Here’s the thing about housing:
The delegates insisted on one hand that “housing is for living not speculation”, but on the other, emphasised the critical importance of real estate to China’s economic growth.
In other words, things are complicated. We want housing to be affordable to more people, but at the same time, we recognize that housing appreciation is kind of useful for overall economic growth. So we’re a bit conflicted. And that may be why we tend to take contradictory actions.
Broadly speaking, the current playbook in Canada seems to be as follows: heavily tax new housing, force those who can afford new market-rate housing to subsidize those who can’t, and then tax/ban foreign buyers.
Canada’s new foreign buyer ban came into effect on January 1 of this year. And for the next 2 years, it prohibits companies and people who are not Canadian citizens or permanent residents from acquiring non-recreational, residential property in Canada. (What is the definition of non-recreational?)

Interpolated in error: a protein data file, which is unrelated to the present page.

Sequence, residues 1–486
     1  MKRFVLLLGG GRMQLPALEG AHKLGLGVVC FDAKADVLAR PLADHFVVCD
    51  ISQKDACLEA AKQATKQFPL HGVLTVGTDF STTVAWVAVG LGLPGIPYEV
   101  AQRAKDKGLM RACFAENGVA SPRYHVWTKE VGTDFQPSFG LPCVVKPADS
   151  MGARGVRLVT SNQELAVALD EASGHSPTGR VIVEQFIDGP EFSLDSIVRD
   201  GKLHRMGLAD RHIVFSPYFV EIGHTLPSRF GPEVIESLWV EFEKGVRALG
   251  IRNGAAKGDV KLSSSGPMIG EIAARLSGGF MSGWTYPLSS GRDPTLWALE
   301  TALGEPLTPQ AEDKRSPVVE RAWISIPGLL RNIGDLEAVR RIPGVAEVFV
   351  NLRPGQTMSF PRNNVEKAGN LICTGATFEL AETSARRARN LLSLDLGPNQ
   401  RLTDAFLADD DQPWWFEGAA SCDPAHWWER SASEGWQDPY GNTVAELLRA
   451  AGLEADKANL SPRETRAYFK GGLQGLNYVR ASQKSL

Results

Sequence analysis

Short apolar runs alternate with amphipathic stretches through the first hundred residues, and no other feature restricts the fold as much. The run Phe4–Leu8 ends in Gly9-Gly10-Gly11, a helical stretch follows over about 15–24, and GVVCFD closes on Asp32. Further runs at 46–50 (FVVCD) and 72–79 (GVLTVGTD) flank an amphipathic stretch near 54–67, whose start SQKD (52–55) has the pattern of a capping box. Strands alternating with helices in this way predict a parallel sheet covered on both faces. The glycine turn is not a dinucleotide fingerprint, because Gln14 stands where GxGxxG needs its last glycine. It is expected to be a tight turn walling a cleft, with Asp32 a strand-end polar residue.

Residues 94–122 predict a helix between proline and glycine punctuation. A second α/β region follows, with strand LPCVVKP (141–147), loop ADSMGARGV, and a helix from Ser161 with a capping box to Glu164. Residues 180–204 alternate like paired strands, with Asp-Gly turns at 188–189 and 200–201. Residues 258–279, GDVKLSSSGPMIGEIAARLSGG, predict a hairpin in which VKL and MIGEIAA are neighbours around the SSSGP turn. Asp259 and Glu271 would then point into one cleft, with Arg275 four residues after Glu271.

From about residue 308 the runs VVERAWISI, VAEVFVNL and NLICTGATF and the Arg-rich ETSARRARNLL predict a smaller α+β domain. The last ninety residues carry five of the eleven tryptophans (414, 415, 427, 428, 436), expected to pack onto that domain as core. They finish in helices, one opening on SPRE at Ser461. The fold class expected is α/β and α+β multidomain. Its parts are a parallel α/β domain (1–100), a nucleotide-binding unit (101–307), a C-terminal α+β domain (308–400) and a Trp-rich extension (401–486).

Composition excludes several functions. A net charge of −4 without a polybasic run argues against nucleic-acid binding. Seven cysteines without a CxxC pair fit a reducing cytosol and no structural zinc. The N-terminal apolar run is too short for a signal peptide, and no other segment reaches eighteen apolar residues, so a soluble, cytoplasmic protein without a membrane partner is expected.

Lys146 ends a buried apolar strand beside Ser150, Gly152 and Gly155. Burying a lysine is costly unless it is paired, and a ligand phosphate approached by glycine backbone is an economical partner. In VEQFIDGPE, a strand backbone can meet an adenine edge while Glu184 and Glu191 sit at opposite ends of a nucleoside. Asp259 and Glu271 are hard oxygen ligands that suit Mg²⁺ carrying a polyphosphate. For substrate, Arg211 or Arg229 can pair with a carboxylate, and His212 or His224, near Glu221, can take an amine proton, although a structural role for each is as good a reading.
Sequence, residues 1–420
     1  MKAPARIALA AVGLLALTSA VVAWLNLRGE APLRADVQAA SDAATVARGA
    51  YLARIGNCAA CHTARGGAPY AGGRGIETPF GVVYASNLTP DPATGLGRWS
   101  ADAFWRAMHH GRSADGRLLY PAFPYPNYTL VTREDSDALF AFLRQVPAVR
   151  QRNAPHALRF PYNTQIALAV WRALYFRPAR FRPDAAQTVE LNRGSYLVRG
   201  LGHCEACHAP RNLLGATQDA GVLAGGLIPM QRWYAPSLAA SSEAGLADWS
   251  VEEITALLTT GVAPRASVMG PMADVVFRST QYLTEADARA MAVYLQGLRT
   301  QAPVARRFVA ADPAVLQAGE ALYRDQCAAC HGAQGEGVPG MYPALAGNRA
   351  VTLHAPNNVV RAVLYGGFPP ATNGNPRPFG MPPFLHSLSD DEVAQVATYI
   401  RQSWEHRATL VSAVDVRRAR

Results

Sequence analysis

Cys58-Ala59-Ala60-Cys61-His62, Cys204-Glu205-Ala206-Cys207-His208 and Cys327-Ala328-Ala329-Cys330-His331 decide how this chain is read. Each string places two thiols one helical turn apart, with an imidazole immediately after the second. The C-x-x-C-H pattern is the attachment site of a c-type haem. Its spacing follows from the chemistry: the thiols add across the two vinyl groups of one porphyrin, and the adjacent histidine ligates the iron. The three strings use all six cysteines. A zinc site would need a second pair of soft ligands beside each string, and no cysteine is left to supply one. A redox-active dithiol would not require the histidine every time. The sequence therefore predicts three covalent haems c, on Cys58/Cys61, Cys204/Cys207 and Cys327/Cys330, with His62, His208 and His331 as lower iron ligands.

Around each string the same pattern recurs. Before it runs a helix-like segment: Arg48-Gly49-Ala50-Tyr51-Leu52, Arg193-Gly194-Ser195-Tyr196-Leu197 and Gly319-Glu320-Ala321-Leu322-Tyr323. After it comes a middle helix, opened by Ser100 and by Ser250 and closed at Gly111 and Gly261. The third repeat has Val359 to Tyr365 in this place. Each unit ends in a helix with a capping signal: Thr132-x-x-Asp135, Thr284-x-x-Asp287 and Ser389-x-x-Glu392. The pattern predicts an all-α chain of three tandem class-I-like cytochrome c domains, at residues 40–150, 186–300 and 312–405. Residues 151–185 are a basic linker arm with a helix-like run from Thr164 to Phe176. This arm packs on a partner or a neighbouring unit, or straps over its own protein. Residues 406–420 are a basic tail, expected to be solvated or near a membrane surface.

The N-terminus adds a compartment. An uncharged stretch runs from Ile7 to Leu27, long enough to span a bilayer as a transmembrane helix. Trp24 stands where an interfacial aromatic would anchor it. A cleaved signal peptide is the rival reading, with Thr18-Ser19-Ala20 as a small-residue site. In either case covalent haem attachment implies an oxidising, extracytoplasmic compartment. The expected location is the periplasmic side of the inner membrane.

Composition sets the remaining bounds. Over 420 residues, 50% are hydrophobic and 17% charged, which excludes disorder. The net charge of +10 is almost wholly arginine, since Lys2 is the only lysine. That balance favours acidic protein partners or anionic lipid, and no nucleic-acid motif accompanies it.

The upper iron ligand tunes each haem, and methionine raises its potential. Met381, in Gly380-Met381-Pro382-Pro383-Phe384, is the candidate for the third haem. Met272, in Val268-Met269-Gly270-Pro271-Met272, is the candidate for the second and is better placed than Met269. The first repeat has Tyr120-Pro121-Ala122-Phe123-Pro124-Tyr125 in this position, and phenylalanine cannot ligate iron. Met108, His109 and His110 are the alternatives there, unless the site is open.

While this may sound good to some — finally, more homes for Canadians — we’re talking about a relatively small portion of the market, which is likely why there’s also little evidence that any of our foreign buyer taxes have been all that effective.
It’s really hard to imagine this one working much better. But it certainly sounds like something.